When Robert Lewis Dear opened fire at a Planned Parenthood clinic in Colorado Springs, Colorado, last week, it was far from his first violent act. The South Carolina native was charged in 1992 with first-degree sexual misconduct after he allegedly sexually assaulted a woman at knifepoint. In 1997, his then-wife, Pamela Dear, filed a report with police alleging that Dear locked her out of their house and “hit her and pushed her out the window.” In 2002, Lynn Roberts, Dear’s next-door neighbor in Walterboro, South Carolina, obtained an order of protection after she discovered him leering at her while hiding in her bushes, and “making unwanted advancements” for nearly a year.

While reports indicate that none of the accusations levied against Dear resulted in a conviction, his history is a reminder of a pattern, borne out by high-profile examples and hard data, wherein a domestic abuser graduates to gun violence. And a policy system that often allows abusers to keep their guns when they should be removed.

One 2007 analysis of more than 300,000 ex-convicts by the Washington State Institute for Public Policy found that offenders with domestic violence charges were the most likely of any other group studied to commit another violent felony. Domestic violence felons experienced a recidivism rate for violent felonies of 19 percent, compared to 13.7 percent for offenders with felony assault convictions, for instance.

“Men who commit violence rehearse and perfect it against their families first,” Pamela Shifman and Salamishah Tillet wrote in a February op-ed in The New York Times. “Women and children are target practice, and the home is the training ground for these men’s later actions.”

Some of America’s most deadly shootings provide stark examples of that progression. The wife of James Huberty, who killed 21 people at a McDonald’s in San Ysidro, California, in 1984, reported him to authorities after a bout of violence resulted in her “messed up” jaw. Six months before he killed nine and wounded four in a General Motors car loan office in Jacksonville, Florida, in 1990, James Pough was served with a temporary injunction by his wife, who accused him of twice putting a shotgun to her head. George Jo Hennard stalked two sisters and their mother in his Belton, Texas, neighborhood four months before he fatally shot 23 people in a Luby’s restaurant in 1991.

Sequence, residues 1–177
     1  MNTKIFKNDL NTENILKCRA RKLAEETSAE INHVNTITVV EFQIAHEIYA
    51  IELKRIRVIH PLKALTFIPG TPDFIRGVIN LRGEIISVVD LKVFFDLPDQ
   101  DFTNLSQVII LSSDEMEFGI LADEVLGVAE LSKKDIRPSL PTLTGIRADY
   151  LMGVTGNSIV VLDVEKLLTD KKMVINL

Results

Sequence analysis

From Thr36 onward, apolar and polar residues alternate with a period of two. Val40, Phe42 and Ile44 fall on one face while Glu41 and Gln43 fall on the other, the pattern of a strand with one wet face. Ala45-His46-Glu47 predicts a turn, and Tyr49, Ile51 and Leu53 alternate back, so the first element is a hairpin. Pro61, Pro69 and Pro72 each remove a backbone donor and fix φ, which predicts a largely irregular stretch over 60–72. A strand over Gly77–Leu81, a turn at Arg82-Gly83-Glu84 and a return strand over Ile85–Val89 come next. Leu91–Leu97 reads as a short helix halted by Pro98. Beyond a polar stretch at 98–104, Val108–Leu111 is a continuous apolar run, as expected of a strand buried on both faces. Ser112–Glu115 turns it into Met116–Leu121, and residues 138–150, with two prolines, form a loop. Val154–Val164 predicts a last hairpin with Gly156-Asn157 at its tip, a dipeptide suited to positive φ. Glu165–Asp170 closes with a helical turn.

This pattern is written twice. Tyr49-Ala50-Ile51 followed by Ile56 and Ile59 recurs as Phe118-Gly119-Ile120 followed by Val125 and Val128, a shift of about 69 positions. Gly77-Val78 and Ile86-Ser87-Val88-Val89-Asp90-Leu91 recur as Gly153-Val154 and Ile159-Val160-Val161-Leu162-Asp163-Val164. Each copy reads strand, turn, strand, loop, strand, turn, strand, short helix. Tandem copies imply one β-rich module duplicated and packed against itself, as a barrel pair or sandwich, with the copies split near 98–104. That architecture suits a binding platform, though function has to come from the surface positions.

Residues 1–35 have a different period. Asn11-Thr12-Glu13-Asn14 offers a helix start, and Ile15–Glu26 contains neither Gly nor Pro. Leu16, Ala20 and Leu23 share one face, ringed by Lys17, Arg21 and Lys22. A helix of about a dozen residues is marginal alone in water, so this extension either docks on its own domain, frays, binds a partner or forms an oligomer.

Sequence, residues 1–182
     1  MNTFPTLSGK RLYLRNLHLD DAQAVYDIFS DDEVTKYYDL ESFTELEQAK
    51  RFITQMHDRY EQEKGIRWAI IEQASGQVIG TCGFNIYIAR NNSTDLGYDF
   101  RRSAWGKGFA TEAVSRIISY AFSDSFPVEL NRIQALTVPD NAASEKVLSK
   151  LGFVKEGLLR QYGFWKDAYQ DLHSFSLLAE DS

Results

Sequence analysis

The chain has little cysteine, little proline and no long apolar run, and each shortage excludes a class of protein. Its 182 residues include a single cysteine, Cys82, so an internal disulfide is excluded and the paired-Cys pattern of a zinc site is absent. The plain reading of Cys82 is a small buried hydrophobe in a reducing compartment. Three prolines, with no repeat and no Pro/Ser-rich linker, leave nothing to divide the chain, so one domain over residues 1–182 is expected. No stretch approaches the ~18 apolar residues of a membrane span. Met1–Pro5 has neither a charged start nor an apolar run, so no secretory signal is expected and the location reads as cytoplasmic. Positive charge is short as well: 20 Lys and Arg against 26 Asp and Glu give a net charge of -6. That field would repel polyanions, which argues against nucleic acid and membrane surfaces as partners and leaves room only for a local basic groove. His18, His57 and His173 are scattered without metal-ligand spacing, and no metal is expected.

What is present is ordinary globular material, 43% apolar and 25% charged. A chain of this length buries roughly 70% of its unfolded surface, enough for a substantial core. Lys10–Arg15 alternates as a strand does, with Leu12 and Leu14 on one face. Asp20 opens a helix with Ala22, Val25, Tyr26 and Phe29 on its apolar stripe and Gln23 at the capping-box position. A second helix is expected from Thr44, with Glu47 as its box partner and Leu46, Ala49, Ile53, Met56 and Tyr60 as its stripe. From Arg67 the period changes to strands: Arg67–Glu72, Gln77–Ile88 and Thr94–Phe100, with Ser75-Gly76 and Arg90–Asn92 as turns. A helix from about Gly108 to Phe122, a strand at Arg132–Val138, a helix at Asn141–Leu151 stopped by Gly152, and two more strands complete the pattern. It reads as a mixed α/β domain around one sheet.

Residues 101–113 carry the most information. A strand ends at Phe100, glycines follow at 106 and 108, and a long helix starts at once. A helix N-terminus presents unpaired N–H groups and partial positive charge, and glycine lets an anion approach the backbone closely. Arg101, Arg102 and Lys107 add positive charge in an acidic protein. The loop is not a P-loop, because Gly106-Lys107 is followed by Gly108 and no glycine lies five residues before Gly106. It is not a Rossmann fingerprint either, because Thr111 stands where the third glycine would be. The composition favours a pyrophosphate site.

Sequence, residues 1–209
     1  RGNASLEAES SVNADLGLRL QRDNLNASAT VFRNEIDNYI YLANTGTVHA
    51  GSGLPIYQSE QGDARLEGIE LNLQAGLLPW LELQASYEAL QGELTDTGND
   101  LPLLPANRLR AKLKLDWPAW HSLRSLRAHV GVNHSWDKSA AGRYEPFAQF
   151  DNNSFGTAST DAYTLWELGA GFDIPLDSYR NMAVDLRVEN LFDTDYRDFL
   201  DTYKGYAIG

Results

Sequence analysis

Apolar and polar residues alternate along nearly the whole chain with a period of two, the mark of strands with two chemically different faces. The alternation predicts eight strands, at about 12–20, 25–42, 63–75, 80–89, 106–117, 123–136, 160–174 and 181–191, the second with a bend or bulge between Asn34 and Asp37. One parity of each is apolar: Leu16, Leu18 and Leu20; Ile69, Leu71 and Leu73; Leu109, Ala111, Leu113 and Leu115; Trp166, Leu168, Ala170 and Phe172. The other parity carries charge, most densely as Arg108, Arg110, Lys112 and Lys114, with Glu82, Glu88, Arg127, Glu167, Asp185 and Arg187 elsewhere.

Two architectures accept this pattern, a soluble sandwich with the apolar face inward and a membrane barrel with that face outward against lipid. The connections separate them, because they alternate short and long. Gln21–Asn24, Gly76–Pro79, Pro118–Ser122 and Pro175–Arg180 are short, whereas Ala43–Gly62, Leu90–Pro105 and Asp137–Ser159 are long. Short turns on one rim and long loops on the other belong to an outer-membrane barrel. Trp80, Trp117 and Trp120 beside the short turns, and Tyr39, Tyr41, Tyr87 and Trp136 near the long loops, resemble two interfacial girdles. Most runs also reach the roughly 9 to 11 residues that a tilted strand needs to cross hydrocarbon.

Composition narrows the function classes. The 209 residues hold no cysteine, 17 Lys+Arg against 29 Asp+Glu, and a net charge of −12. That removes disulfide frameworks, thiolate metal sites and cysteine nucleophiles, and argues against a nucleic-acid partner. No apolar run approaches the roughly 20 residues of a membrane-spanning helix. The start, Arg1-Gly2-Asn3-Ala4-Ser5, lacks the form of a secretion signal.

A similar story emerged during this year’s string of high-profile shootings. Before Dear, there was John Houser, who fatally shot two women and injured nine others in a movie theater in Lafayette, Louisiana, in July. In 2008, his wife and daughter filed an order of protection against him after repeated threats and “acts of family violence.” Despite that behavior, and a history of mental illness, Houser was able to legally purchase the Hi-Point .40 caliber pistol he used in his rampage.

Federal law has provisions meant to keep guns out of the hands of abusers, but only half of states (along with Washington, D.C.) authorize or require courts to order an abuser to surrender their firearms after a domestic violence protective order is issued. Allowing an abuser to remain armed can have deadly consequences. Domestic violence assaults with firearms are 12 times more likely to result in death than assaults without them.

Some states have moved to fill this legal void. California has operated the Armed and Prohibited Persons System (APPS) for nearly a decade, which checks gun owners against databases of convictions, mental health determinations, warrants, and restraining orders. Yet even it has its flaws: A May Los Angeles Times editorial noted that that APPS has a backlog of 16,350 names, even though the legislature approved $24 million in 2013 to hire three dozen additional investigators to clear it.

South Carolina — where Dear lived for at least two decades, and where his criminal record originates — passed a sweeping domestic violence reform law in June, yet the state still does not require domestic abusers to surrender guns or ammunition they already own once they’ve been convicted of misdemeanor domestic violence. A law that would create such a mandate has been stalled in committee since January.

New Jersey, a state with some of the nation’s toughest gun laws, also does not require domestic violence offenders to relinquish their firearms. Last month, Governor Chris Christie vetoed a measure that would have closed the gap in state law, but lawmakers are planning an override vote before the legislative session ends on January 11.

[Photo: Mark Reis/The Gazette via AP, Pool]